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Hawaii History

The earliest known inhabitants of the islands migrated from the Marquises and Tahiti.  These Polynesians brought their religion with them and their daily lives were heavily influenced by their worship.  The remnants of stone temples, or Heiau, can still be found throughout the islands.  Human sacrifices were common.

Place of Refuge, Big Island
Two Ki'i Guard the Place of Refuge on the Big Island
The society was highly class conscious in that each person's role in life was determined by what class they were born into.  Each island was ruled by a chief, or alii nui, and war among rival chiefs was common.  The population was divided into nobles, priests, and commoners.  The privileged class was given land by the chief.  The commoners paid for the protection of the chief by giving him some of their crops or daily catch.  There was a strict kapu or taboo system of rules and restrictions for various segments of society.  Priests and rulers determined correct behavior for the people and breaking kapu resulted in death.  The only possibility of escape was to flee to a pu'uhonua, or place of refuge.  If the Kahuna pule (priest) there performed a ceremony of absolution, the offender could return home safely.  While harsh by modern standards, the kapu system kept order.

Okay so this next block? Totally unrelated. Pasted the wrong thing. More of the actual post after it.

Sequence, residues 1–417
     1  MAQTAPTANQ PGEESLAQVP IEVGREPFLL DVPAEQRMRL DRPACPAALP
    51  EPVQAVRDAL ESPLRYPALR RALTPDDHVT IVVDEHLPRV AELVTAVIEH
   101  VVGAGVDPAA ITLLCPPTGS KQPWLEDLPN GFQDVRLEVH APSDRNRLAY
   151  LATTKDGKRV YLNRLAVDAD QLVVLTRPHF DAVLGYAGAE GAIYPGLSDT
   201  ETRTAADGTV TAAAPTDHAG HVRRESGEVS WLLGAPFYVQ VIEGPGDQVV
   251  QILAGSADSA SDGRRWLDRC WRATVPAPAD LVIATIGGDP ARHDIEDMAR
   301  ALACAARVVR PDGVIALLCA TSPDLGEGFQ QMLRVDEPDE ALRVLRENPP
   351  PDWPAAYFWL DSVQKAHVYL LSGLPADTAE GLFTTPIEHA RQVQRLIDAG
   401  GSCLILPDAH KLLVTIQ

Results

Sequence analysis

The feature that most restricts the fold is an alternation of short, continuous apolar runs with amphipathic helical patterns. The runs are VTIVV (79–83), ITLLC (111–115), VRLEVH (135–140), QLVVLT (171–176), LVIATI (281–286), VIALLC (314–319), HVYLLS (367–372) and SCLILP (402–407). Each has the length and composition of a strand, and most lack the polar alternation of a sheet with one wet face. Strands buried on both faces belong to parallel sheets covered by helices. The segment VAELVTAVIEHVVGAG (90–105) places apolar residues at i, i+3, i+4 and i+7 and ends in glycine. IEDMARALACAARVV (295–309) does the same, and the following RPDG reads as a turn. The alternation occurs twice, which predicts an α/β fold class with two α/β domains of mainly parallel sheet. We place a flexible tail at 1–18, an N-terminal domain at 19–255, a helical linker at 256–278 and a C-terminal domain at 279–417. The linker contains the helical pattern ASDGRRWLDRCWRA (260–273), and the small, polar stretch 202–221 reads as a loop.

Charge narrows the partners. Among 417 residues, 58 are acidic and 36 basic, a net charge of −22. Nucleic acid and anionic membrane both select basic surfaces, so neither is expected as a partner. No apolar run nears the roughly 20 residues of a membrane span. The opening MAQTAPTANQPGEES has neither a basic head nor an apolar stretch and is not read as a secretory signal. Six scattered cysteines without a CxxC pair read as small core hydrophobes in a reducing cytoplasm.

On January 20, 1778 Captain James Cook landed two ships at Waimea on Kauai and spent two weeks exploring Kauai and Niihau.  A year later Cook returned to explore the Big Island and was killed during a skirmish.

Kamehameha I established himself as monarch over all the islands in the late 1700's and ruled until his death in 1819.  In 1819 Kamehameha's son, Liholiho, abolished the kapu system of taboos.  

The arrival of Westerners dramatically impacted Hawaii and its people.  During the first half of the 19th century, foreign whaling ships wintered at Honolulu and Lahaina, bringing influences that impacted the indigenous culture.  Foreigners, and especially missionaries, brought a new lifestyle, morality, and religion.  Christianity changed both worship and culture.  The first sustained sugar plantation was established in 1835 on Kauai.  Growing sugar cane and pineapple changed land ownership and ethnic makeup as field workers were imported from China, Japan, and other countries.  The Hawaiians, with no natural immunity to Western diseases, were decimated and became a minority.  

Hawaiian culture and power gave way to Western ways and rule so much that in 1893 Sanford Dole took power in a bloodless revolution.  The Republic of Hawaii was established on July 4, 1894 with Dole as president.  Hawaii became a U.S. territory on July 6, 1898.  Congress provided a territorial government in 1900, and Dole was the first governor.  

Hawaii's economy and government were dominated by five companies.  Directors of the companies were also in charge of most public commissions.  Hawaii became the chief defense post in the Pacific for the U.S.  On Dec. 7, 1941 World War II began for the U.S. when the Japanese attacked Pearl Harbor.  

After many attempts  Hawaii became the 50th of the United States on August 21, 1959.  In the 1960's and 1970's the Hawaiian economy moved away from its past dependence on pineapple and sugar production and tourism became the islands' major industry.  The most important industries in Hawaii today are tourism, defense, and agriculture.


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